7th Circuit: Sexual Orientation not Protected Category under Title VII
July 30, 2016 – by Jim Spencer
For several years, the EEOC has interpreted Title VII of the Civil Rights Act of 1964 (Title VII) as forbidding any employment discrimination based on sexual orientation. The EEOC’s position is that even though Title VII doesn’t say anything about sexual orientation, the prohibition against sex discrimination is broad enough to cover sexual orientation.
7th Circuit Decision
On July 28, 2016, the U.S. Court of Appeals for the Seventh Circuit told the EEOC that its position is wrong, holding in the case of Hively vs. Ivy Tech Cmty. Coll. that Title VII does not protect sexual orientation (gender identify wasn’t at issue in the case). The court’s decision was predicated on the following points:
- On multiple previous occasions, the 7th Circuit held that Title VII does not protect sexual orientation, thereby creating a precedent that the 7th Circuit is obligated to follow unless overruled by the U.S. Supreme Court.
- Congress, despite numerous attempts to amend Title VII to include sexual orientation, has “repeatedly rejected” that legislation.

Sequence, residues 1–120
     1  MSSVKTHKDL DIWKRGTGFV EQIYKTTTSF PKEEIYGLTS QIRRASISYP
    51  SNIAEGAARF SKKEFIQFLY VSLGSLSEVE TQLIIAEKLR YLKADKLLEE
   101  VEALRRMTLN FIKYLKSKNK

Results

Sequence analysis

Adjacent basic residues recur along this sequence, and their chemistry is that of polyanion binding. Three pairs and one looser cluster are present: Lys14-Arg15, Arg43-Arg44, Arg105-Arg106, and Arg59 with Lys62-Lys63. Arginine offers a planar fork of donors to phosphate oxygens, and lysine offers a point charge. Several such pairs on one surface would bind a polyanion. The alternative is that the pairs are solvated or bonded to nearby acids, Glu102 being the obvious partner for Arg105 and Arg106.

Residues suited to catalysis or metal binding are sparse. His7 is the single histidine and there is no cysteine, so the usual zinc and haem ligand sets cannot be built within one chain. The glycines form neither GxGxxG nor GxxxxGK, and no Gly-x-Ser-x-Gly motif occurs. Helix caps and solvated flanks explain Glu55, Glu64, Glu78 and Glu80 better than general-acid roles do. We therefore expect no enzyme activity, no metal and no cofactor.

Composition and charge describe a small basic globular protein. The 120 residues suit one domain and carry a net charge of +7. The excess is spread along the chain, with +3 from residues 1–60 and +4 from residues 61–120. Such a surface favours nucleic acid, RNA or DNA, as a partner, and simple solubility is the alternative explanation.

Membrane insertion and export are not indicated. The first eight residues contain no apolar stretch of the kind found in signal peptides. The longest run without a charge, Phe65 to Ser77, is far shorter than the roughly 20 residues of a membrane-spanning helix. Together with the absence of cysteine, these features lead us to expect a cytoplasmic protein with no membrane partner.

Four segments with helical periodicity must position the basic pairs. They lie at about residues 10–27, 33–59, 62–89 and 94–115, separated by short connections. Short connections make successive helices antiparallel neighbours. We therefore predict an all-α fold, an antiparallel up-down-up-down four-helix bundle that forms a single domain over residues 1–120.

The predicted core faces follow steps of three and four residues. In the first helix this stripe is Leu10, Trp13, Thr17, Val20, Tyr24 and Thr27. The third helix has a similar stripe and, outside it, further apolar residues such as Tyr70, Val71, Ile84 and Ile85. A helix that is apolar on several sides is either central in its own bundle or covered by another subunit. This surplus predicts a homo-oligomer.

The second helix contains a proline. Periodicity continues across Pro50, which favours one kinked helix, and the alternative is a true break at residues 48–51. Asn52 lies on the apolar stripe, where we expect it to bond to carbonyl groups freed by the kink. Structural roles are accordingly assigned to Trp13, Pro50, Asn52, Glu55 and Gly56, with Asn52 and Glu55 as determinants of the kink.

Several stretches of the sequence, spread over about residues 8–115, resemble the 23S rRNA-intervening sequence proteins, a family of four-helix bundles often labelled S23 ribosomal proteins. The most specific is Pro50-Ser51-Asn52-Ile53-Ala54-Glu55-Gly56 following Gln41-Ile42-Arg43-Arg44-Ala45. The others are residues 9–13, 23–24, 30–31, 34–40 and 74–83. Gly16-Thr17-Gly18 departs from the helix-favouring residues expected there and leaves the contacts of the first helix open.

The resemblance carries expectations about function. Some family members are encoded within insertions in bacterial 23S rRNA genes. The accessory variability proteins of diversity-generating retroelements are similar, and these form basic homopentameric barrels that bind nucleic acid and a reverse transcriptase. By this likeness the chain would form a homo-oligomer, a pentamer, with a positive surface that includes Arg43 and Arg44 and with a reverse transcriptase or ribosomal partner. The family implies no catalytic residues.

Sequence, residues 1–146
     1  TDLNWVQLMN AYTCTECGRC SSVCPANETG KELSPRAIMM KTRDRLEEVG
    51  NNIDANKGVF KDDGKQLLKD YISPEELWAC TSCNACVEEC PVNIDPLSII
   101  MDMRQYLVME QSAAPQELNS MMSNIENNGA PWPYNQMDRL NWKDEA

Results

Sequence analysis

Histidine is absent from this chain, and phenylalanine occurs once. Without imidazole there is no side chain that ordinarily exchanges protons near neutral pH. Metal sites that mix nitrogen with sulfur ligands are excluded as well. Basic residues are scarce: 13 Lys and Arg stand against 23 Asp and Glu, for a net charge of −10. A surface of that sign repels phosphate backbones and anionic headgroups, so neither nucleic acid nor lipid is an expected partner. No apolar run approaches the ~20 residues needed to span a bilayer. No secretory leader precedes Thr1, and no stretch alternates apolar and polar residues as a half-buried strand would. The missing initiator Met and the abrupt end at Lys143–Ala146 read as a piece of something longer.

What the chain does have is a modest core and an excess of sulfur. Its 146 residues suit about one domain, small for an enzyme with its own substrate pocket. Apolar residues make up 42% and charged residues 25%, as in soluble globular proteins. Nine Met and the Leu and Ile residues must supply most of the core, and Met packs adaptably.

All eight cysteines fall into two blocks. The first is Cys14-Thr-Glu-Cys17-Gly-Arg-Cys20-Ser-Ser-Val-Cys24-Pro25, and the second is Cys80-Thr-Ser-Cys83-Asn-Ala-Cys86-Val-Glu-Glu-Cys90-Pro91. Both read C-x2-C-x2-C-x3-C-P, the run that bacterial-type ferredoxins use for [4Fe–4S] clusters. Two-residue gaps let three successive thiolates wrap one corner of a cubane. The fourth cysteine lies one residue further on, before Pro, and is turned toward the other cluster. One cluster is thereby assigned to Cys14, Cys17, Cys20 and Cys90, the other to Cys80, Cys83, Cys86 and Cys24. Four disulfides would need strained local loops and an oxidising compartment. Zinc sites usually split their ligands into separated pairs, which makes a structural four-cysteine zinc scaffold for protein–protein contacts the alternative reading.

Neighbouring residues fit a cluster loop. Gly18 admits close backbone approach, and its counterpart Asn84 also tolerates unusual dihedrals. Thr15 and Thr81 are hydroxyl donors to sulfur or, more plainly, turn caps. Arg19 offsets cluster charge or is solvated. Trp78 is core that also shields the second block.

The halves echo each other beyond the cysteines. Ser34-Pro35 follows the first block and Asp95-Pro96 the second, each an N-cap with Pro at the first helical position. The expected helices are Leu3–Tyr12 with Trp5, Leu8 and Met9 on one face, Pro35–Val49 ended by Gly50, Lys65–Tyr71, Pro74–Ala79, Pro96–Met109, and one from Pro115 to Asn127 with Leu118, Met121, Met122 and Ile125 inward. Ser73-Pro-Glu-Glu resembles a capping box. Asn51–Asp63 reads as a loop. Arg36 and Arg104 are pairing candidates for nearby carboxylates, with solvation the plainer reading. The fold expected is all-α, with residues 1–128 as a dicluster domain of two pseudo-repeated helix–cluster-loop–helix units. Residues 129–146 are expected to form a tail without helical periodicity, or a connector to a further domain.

What’s an Employer to do?
So, where does this 7th Circuit decision leave employers who are trying to figure out whether Title VII prohibits them from discriminating on the basis of sexual orientation?
Because the 7th Circuit covers Illinois, Indiana, and Wisconsin, the answer for employers in those states is that they won’t violate Title VII if they discriminate based on sexual orientation.
For employers in other states, the answer is not nearly so easy, because the 7th Circuit decision doesn’t have precedential value outside of the 7th Circuit states. At this point, it’s a wait and see game. Employers that want to avoid becoming a test case for the EEOC position will take the EEOC at its word, that Title VII prohibits sexual orientation discrimination, and will handle employment issues accordingly. The only way that employers nationwide will have certainty on this issue is for Congress to amend Title VII to include (or exclude) sexual orientation or for the U.S. Supreme Court to consider the issue.
For more information about Title VII and sexual orientation discrimination, contact attorneys Jim Spencer (email@example.com or 316-660-6109) or Mitchell L. Herren (firstname.lastname@example.org or 316-660-6208).